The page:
An additional gift of the great wheel is that it marks the turn of the seasons with celebration, thanksgivings, mourning and hope. I suppose this all relates to my questioning of exactly why our immersion in the natural world seems to be good for us in a quite such a transcendent way; lifting us out of ourselves into something infinitely bigger. You just need to blow the old orthodoxies and shibboleths away and regard the pattern. It achieves the small miracle of re-enchanting the earth.

Anyway, I think I’ll work on a fair copy of the chart and maybe illustrate it but meanwhile – in case you’re wondering if I’ve become a bit of a Druid – I noticed these walls while we were out walking down by the river yesterday. I think they’re both fun, and rather beautiful.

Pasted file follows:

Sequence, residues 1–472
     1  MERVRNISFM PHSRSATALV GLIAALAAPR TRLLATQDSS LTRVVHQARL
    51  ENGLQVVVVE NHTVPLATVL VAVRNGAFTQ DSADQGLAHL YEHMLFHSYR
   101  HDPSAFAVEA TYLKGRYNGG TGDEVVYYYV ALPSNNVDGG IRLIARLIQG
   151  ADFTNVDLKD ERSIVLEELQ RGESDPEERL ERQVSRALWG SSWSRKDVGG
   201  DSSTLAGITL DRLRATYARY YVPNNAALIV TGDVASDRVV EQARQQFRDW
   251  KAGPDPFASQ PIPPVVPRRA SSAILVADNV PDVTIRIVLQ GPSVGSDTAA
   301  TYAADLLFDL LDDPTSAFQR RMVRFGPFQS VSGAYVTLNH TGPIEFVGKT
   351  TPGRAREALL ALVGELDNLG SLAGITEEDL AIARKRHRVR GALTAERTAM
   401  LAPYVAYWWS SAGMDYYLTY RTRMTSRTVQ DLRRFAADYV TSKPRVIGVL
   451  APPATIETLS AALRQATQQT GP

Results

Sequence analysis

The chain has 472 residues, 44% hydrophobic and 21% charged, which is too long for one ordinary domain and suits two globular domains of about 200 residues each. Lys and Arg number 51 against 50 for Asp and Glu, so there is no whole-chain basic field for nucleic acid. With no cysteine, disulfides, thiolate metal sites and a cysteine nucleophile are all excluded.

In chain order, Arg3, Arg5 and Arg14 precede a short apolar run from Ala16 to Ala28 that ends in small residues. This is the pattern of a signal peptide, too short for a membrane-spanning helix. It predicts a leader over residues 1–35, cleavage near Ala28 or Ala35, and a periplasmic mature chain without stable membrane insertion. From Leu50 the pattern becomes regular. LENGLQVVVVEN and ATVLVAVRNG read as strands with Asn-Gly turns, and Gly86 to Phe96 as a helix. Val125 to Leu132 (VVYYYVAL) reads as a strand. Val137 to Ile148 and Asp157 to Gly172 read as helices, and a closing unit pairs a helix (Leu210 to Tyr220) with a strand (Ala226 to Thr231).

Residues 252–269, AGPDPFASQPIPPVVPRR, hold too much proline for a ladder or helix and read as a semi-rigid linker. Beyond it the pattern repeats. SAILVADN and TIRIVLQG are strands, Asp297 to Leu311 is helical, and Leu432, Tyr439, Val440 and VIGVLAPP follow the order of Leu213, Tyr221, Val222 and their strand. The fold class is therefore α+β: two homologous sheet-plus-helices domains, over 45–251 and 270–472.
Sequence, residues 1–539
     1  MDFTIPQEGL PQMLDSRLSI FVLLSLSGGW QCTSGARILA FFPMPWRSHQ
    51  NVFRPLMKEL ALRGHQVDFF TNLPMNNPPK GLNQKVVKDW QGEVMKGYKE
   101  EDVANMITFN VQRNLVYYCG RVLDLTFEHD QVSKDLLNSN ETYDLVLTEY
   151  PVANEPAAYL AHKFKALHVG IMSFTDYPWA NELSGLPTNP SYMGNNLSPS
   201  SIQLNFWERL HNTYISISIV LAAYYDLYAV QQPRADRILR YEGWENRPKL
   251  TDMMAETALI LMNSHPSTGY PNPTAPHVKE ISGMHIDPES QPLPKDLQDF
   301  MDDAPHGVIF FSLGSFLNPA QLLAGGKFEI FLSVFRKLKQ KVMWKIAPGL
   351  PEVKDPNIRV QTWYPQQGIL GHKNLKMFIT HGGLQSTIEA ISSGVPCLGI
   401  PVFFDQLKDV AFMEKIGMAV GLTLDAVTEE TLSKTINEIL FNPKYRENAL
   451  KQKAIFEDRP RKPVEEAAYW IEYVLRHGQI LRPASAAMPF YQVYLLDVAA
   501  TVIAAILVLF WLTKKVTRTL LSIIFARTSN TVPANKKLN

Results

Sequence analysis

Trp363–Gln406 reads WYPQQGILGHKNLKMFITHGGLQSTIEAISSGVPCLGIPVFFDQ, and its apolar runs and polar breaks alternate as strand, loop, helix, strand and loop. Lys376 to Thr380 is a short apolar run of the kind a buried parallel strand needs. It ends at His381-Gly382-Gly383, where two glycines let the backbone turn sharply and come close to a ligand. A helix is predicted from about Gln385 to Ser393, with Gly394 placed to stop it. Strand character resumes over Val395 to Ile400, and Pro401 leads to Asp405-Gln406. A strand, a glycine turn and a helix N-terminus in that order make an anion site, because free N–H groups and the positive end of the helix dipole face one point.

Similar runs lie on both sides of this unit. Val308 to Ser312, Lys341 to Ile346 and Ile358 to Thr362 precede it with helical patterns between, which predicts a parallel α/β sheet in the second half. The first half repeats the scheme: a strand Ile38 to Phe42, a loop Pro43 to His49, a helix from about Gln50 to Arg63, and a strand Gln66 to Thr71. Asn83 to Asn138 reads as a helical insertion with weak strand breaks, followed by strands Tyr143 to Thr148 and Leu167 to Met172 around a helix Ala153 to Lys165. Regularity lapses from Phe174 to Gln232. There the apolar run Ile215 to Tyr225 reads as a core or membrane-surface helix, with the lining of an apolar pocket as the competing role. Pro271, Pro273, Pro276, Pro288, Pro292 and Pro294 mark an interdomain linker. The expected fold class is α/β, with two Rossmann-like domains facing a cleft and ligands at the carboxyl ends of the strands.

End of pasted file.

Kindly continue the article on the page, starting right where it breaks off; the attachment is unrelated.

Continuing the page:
How sweet!

Apropos of nothing in particular, a true story – told to me by my son – came to mind today while I was connecting the two water butts that will be the irrigation supply for the polytunnel. It’s been a bit of a saga, which I’ll come back to in a moment; but I wanted to fill out some of the science behind my piece yesterday on manure and greenhouse gases and, in particular, the relative virtues of so-called hot and cool composting. I’ve already written about being careful to locate manure from a trustworthy source. We once bought a couple of tons of so-called horse manure from a local farmer with an awful reputation for his management of the land. One year, for instance, he ploughed one of his fields straight down a steep slope towards a brook at the bottom. Needless to say, the next severe rainstorm took most of his topsoil away. He eked out a living by renting his fields for horses – far too many of them – and we discovered later that their principal diet must have been creeping buttercups which pass undaunted through their digestive system and infest any land they’re spread on.